We have a database used for reporting, which is a replication of the live database (no OLAP for us, nosiree!). We're potentially going to end up in a bit of a pickle here because many years ago someone recommended that all queries on the reporting db include the NOLOCK hint. There may have been good reasons for this, related to the particular way replication is set up here. I don't know. It was years before my time. Anyway, for years people have been writing SQL all over the shop (RDLs, connections to Excel, sprocs, functions etc etc) along the following lines: SELECT [whatever] FROM my_db.my_schema.my_table tbl (NOLOCK) ...and guess what... this syntax is to be deprecated. Arrgh! It should say: ...WITH (NOLOCK) I saw a suggestion somewhere that you can avoid the nolock hint and its dirty reads problem by using: SET TRANSACTION ISOLATION LEVEL SNAPSHOT I'm not really sure about the precise mechanics of this though. For example if I'm writing a SELECT statement for an RDL and have the [SET TRANSACTION...] statement at the start, do I need to explicitly wrap the query in a transaction, or will it implicitly work on everything in that session? When the SQL in the RDL has run, and the session has closed, does the isolation level revert to the database's default setting? Is there a query/dmv that returns what my current transaction isolation level is (just out of curiosity)? Is there a performance hit, or are there other side-effects of using the [SET TRANSACTION...] statement? Will the [SET TRANSACTION...] statement break/interfere with/slow replication? Kindest regards DataMinor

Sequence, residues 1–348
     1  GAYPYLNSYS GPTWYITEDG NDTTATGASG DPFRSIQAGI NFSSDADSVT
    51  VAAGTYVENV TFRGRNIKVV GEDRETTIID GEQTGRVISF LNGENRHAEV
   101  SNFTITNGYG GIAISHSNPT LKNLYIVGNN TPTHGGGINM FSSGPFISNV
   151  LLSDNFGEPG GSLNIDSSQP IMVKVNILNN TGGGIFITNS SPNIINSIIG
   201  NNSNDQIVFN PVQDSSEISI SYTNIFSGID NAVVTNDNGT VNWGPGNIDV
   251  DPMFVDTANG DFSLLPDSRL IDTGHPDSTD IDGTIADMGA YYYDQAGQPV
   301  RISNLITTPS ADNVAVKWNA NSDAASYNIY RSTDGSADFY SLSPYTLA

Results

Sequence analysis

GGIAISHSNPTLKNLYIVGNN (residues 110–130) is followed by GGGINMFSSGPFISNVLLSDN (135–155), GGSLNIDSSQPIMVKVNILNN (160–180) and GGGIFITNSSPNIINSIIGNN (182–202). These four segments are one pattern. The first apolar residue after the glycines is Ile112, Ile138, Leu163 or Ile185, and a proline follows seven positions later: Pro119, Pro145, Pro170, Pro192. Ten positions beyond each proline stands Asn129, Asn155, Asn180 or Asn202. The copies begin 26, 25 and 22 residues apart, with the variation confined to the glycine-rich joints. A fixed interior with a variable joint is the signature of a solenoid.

To answer your questions in the order you asked: 1.Setting the isolation level is connection based. You would set it once, run your queries and close the connection. Any new connections to the database would revert to the default isolation level and would need to be re-set to the isolation level you wanted each time the connection is made.
2.To find out the isolation level of a specific session you can query the DMV `sys.dm_exec_sessions`: ; /* Isolation Level ENUM translation used from books online entry for the DMV sys.dm_exec_sessions */ WITH IsoLevels (transaction_isolation_level, IsolationLevelName)AS ( SELECT 0, 'Unspecified' UNION ALL SELECT 1, 'Read Uncomitted' UNION ALL SELECT 2, 'Read Committed' UNION ALL SELECT 3, 'Repeatable' UNION ALL SELECT 4, 'Serializable' UNION ALL SELECT 5, 'Snapshot') ; SELECT session_id, IsolationLevelName FROM sys.dm_exec_sessions s INNER JOIN IsoLevels i ON s.transaction_isolation_level = i.transaction_isolation_level --WHERE session_id = @yoursession_id The sessions DMV supplies a lot more information about sessions too (DateFirst settings, ANSI settings etc.) 3. The performance hit of SNAPSHOT ISOLATION will be mainly on the tempdb side (that is where the behind-the-scenes rowversioning information is stored). To read more into it, take a look at the MSDN entry "[Choosing Row Versioning-based Isolation Levels]". After reading this article, you may want to consider using the Read Commited isolation level, as it is lighter weight and should still fulfill your needs for the reporting you want to do. If you still have questions, get back in touch here. :-) :